Early on Tuesday, police officers invaded the makeshift encampment where 56-year-old Brian Haw had been living for more than five years.

They dismantled Haw’s array of banners and placards, some showing graphic images of the wars in Iraq and Afghanistan.

Haw vowed to continue his protest despite being left with only one poster.

"This is Mr. Blair's Britain," he said.

"You dare to speak, you dare to say it too real, too powerfully, to get through to people, and they smash it all down."

Haw began his protest in 2001 to protest against UN sanctions against Iraq and over time constructed a graphic display against wars and human rights violations around the world.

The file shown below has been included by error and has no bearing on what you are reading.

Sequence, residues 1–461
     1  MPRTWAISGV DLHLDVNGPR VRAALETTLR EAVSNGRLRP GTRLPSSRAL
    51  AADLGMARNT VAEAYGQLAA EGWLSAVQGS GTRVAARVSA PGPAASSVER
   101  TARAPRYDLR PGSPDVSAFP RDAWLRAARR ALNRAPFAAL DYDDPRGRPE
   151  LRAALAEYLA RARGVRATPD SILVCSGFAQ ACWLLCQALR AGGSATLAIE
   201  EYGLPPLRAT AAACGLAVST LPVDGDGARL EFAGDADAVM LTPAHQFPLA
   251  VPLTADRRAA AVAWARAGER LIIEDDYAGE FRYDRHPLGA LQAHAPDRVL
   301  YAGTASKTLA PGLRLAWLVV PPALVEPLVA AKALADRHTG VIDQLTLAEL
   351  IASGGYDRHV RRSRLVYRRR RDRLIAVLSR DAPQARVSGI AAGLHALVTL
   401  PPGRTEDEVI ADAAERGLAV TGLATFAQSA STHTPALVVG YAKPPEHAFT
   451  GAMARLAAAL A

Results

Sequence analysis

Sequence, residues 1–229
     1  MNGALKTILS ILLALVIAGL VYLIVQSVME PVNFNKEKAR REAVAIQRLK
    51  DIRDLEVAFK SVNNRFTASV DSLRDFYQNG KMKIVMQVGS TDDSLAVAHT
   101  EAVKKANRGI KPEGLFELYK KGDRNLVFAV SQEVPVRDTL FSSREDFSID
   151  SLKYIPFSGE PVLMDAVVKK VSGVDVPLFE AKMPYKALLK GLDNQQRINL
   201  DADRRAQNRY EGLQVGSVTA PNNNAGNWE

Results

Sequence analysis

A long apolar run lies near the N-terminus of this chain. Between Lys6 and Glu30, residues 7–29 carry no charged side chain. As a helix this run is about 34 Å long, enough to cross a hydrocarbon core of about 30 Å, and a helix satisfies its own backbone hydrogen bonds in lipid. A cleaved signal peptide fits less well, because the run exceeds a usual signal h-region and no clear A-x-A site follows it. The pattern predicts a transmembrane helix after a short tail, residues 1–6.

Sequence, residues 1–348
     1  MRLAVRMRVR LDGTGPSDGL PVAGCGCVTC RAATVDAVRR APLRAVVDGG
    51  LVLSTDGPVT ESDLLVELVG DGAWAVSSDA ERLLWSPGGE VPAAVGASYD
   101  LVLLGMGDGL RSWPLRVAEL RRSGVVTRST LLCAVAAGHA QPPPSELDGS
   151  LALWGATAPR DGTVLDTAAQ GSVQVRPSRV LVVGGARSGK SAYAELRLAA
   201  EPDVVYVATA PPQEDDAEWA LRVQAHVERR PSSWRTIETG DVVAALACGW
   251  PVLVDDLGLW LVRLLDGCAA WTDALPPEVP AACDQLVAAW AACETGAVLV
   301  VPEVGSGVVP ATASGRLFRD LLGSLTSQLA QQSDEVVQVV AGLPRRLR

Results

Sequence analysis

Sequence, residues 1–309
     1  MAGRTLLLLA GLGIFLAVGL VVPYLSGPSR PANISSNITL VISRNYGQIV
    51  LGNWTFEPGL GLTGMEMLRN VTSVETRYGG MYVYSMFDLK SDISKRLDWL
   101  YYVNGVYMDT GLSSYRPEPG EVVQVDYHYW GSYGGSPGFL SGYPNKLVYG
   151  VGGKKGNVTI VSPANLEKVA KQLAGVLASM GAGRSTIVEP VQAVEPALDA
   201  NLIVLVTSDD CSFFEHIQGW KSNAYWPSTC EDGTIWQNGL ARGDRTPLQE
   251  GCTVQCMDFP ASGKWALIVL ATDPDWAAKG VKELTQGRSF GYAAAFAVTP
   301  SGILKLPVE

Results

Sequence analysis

The anti-war camp had established itself as part of the London landscape, although it was not popular with many MPs.

London police said they removed the placards because Haw had failed to comply with a new law outlawing protests around the UK parliament.

The law, known as "Haw’s law," bans unauthorised demonstrations within a kilometre of the parliament building.

Earlier this month, a British court overturned a ruling that allowed Haw to continue his protest on the grounds that he began it before the law came into force.